A great movie must do more than entertain…it should also teach or inspire. Here are seven movies that have provided lessons to improve my life. I’m sure you can add others which have instructed you.

1. “The Prize Winner of Defiance Ohio” (2005): Based on a true story, the movie focuses on a woman whose husband has a terrible alcohol addiction, leading him to drink away most of his meager paycheck. The mother feeds and clothes her family (ten children) by making extra money and prizes entering writing and advertising contests, which were popular in the 1950s. The life lesson I learned: No matter how poorly you are treated, you can find some way, with God’s help, to overcome and triumph. There are options besides being a victim to circumstances.

2. “The Kid” (2000): Bruce Willis is a grown man who brings a young kid into his house. The two of them realize that the kid is actually Bruce Willis at a younger age and some sort of time warp has brought them together. The kid is disgusted at how poorly his adult life has turned out. The life lesson I learned: What I am doing today will effect the rest of my life. I owe my “future self” the best boost up possible by acting wisely today.

3. “The Pianist” (2002): In World War 2, the Nazis walled off a part of Warsaw, Poland and created a ghetto in which they placed all the Polish Jews. One of those Jews was the country’s premier concert pianist. The movie follows his survival when most of his friends and family are put to death. In the end, he survives and lives to inspire his countrymen with his incredible skills. Life Lesson learned: There are times when it is an accomplishment just to survive in order to find your best day some time down the line.

4. “It’s a Wonderful Life” (1946): George Bailey is the founder and proprietor of Bailey Savings and Loan, a benevolent lending institution in fictional Bedford Falls. When George’s uncle misplaces money the same day the bank examiner visits, George despairs of his life and its seeming failures. He tries to commit suicide, but an angel saves his life. When George comments that everyone around him would have been better off if he had never been born, the angel shows him EXACTLY what life would have been like for the inhabitants of Bedford Falls if he had not been born. George witnesses a world turned upside down and decidedly more evil because he was not in it. Life Lesson Learned: On those horrible days when it seems like I have made no difference whatsoever, I can be encouraged that every good decision I make will have many repercussions in the lives of others.

5. “Iron Will” (1994): When Will Stoneman’s father passes away, the family is forced to surrender their property to the bank. Instead, young Will enters an International Dogsled race from Winnipeg to Minneapolis, hoping the prize money will save his family. His courage and fortitude outstrip all of his adult competitors and he wins the prize and saves his family. The payoff in all of this is that Will grows up in the process. Life Lesson Learned: It is the difficulties we face in life that shape us so much more effectively than the good times. We should embrace the hard and milk it for all it’s worth.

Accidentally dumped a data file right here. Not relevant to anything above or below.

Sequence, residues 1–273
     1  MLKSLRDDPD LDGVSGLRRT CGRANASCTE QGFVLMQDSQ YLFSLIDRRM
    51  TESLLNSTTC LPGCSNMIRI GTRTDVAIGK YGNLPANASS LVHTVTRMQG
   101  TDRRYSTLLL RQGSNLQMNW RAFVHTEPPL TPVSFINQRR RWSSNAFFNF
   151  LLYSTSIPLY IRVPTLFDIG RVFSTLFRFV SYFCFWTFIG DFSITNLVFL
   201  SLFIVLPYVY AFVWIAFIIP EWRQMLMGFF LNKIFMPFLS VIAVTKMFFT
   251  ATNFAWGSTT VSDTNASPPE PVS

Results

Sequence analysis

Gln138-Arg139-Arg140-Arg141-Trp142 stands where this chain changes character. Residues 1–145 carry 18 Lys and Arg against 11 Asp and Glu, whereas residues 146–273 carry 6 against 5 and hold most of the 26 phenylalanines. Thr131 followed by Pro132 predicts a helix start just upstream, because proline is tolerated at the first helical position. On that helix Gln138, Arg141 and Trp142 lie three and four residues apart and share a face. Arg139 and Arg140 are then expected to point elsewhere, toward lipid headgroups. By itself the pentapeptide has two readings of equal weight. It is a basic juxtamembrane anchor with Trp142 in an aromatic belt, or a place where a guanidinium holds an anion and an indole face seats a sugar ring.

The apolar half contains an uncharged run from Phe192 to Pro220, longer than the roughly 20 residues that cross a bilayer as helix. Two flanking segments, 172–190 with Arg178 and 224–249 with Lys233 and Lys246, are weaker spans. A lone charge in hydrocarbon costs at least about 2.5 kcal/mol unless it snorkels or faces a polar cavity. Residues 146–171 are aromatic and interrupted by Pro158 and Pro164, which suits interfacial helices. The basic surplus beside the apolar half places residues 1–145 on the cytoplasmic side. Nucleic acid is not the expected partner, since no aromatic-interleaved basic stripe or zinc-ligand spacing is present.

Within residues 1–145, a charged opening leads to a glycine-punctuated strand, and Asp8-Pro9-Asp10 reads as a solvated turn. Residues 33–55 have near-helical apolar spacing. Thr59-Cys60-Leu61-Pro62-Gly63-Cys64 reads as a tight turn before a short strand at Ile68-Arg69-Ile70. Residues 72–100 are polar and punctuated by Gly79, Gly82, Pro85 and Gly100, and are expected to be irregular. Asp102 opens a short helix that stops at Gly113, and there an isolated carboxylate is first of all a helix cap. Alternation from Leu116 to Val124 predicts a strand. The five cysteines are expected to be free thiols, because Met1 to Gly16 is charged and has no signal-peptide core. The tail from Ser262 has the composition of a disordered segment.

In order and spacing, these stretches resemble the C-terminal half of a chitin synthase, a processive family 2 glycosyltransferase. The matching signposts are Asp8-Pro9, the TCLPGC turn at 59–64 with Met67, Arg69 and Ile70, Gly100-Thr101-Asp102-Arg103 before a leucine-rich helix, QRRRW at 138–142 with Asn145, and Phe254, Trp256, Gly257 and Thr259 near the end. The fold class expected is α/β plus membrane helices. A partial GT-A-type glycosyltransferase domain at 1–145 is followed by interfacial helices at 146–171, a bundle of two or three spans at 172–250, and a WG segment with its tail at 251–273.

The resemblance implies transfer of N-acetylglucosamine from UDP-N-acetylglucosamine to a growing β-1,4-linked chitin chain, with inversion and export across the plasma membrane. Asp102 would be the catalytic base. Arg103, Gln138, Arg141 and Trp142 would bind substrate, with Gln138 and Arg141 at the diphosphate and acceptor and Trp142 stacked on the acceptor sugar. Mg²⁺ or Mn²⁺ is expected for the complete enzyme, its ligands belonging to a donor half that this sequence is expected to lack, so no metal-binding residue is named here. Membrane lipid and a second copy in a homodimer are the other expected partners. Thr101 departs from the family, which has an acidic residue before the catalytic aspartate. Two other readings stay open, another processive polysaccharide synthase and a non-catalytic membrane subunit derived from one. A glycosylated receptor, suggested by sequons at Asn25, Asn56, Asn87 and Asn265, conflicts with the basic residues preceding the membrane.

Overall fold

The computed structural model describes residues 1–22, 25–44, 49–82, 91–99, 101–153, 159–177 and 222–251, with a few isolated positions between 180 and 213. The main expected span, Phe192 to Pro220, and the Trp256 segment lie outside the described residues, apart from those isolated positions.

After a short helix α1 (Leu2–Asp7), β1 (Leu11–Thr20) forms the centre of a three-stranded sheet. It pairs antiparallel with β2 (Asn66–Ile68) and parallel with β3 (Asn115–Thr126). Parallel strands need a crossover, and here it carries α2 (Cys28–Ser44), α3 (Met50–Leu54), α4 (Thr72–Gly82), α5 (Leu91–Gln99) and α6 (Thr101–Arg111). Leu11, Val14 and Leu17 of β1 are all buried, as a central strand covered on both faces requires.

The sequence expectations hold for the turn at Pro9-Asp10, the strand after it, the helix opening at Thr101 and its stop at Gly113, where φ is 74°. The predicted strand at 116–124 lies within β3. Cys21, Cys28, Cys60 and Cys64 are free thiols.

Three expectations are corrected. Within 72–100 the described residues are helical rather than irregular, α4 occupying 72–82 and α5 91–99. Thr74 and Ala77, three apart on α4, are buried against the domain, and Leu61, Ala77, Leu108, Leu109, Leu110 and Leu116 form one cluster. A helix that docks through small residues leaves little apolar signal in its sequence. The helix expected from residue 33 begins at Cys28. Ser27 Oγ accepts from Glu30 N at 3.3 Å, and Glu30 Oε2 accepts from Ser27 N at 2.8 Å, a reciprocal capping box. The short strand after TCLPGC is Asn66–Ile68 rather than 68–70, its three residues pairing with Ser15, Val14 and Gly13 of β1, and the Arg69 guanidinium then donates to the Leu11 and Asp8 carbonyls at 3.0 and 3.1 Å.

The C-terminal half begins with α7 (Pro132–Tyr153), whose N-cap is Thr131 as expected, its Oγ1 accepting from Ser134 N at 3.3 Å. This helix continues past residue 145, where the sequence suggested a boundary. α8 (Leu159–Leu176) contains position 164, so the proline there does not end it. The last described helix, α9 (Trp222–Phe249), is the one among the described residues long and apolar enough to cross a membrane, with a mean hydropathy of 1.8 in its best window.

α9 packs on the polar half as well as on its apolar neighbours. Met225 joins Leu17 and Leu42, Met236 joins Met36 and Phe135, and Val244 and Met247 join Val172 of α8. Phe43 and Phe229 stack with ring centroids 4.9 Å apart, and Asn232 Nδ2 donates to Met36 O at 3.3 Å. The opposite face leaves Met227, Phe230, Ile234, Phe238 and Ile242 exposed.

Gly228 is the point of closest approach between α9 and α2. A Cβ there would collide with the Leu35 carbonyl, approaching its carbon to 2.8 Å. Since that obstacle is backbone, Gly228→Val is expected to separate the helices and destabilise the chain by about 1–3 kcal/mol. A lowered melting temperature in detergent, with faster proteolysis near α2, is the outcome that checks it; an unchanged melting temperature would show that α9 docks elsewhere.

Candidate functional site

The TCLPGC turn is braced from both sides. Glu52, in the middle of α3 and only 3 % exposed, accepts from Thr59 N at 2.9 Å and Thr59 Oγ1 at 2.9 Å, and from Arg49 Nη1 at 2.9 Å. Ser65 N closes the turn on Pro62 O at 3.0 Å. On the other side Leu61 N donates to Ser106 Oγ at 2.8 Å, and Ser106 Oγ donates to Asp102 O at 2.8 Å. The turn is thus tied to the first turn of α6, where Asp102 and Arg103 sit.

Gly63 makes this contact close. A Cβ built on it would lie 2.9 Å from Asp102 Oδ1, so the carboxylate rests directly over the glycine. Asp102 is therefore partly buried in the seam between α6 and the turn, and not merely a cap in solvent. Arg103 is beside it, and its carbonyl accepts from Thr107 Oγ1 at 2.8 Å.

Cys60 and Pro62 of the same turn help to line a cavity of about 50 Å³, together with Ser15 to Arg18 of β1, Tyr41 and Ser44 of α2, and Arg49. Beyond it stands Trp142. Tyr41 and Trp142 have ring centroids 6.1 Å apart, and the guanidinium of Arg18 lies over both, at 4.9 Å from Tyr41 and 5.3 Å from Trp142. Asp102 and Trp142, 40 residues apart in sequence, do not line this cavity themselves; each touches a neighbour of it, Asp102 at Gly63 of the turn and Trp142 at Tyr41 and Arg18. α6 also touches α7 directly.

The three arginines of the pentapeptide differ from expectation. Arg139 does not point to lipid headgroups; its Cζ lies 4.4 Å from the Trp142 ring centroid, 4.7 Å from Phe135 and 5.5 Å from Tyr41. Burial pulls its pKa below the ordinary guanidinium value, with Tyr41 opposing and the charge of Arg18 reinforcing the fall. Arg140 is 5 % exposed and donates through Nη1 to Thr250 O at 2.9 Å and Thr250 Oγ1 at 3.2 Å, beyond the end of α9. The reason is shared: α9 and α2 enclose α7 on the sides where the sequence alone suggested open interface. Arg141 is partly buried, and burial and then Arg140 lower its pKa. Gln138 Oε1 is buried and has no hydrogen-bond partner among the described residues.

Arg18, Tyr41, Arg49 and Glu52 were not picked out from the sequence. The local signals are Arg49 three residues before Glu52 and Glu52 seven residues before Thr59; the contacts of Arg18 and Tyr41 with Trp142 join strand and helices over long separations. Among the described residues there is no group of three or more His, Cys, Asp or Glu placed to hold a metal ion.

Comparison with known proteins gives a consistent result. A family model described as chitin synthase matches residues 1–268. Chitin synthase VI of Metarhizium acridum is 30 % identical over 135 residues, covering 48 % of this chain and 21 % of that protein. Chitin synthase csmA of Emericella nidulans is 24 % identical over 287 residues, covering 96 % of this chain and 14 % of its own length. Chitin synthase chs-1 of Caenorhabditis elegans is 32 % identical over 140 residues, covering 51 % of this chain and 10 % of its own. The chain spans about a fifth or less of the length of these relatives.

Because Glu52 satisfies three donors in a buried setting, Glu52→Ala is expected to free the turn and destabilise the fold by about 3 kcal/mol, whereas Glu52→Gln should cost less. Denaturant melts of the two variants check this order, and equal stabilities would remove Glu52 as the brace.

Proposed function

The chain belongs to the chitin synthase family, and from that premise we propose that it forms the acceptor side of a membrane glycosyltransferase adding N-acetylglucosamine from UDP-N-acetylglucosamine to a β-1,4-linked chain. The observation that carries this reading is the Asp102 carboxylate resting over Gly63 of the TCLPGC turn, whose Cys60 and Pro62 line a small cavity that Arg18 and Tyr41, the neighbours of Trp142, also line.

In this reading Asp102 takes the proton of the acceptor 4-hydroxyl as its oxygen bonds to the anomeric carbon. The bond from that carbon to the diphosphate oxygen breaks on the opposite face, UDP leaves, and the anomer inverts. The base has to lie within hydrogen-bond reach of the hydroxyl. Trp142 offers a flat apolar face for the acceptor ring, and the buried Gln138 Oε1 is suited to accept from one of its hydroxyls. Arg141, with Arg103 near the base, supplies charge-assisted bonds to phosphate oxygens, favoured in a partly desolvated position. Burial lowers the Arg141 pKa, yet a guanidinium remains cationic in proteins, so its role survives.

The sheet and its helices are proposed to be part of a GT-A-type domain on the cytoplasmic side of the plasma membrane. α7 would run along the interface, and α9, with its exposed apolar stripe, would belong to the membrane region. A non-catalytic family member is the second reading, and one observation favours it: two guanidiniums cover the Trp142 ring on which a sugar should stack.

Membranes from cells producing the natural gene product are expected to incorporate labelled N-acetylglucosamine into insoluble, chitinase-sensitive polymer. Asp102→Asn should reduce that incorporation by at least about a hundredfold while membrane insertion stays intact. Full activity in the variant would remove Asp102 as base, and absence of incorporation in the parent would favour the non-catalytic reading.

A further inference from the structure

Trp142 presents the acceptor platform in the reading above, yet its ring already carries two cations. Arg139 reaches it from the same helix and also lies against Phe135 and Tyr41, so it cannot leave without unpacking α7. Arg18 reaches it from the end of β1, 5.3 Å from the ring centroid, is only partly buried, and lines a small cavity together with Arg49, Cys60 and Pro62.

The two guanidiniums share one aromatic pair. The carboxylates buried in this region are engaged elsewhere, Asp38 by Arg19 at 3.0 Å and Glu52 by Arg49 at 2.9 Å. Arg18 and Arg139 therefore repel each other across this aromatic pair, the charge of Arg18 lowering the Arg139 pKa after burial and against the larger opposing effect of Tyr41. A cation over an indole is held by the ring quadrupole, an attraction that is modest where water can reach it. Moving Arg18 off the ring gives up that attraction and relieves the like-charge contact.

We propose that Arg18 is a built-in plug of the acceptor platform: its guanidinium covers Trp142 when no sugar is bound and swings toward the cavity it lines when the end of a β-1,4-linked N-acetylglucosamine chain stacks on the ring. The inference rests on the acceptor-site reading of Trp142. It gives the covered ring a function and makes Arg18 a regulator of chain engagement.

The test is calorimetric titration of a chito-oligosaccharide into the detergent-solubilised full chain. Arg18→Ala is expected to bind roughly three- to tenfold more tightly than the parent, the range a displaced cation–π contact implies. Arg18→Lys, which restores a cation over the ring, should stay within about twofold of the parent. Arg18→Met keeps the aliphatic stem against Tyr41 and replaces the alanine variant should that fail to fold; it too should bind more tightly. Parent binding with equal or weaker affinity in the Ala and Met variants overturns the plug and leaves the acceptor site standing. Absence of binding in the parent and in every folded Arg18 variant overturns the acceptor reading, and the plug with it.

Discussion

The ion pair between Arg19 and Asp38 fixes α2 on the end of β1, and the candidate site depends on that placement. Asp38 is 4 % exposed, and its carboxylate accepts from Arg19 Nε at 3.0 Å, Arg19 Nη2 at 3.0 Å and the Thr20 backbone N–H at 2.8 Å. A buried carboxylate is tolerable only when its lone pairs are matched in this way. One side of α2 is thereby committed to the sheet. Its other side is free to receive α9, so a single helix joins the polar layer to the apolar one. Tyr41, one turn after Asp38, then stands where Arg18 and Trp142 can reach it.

6. “Door to Door” (2002): Bill Porter (played by William H. Macy) has cerebral palsy, but desperately wants to be a door to door salesman. His mother, who had always helped him to see this dream realized, dies of Alzheimer’s and Bill is left to fend for himself. He ends up being one of Watkins greatest salesmen. He accomplishes this by genuinely caring for all the people on his walking route. Life Lesson Learned: The value we place on people will always color how we do our work in serving them.

7. “The Princess Bride” (1987): If I have to tell you the plot,  you have been living in a cave for the past 30 years. This is repeatedly voted the Greatest Movie of all time: Especially in the Phillips Household. The story is about how Westley, a young farmboy, falls in love with Buttercup, the owner of the farm. He goes off to seek his fortune and is presumed killed. Buttercup agrees to marry the prince. The rest you will have to watch for yourself. Life Lesson Learned: Even when you think someone is dead, listen to Miracle Max…they may only be Mostly Dead. No, that’s not the lesson. The lesson is that when you love, even when it seems you have lost everything, you have really lost nothing.

What movies have you learned life lessons from?

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Alternative to Retirement

April 2, 2010

When my grandparents moved into another “fixer-upper” house at age 70, we all knew the routine. For the first year, grandpa would wax eloquent on all the changes he wanted to make and then the second year he would make them. And his efforts always paid off – at the end they would have a beautiful, ultimately livable space that had once been a run-down shack. I remember being over there one time when he was gutting some electrical circuits out of a wall. “Time to rewire the old man” said the old man.

That is the perfect picture for an alternative to retirement. The fourth supposition about traditional american retirement is this: The money we spend in our retirement is ours to do with as we please. It is the classic sense of entitlement. I am entitled to my savings, my pension, my Social Security, my golf, my retirement community, my peace and quiet. It’s mine. I am spending my kids’ inheritance. But as with any sense of entitlement, it is a selfish focus and ultimately leads to an unsatisfying, unhealthy lifestyle. It also offends God.

Yes, it offends God. Ultimately, He owns everything. He gives us what we have so we can work in partnership with Him throughout our lives. When we squander our talents, energy, money, friendships, jobs on ourselves and a headlong pursuit of entitlement, it will never end well. But that is the nature of our country, a society hell-bent on retiring. Read the rest of this entry ?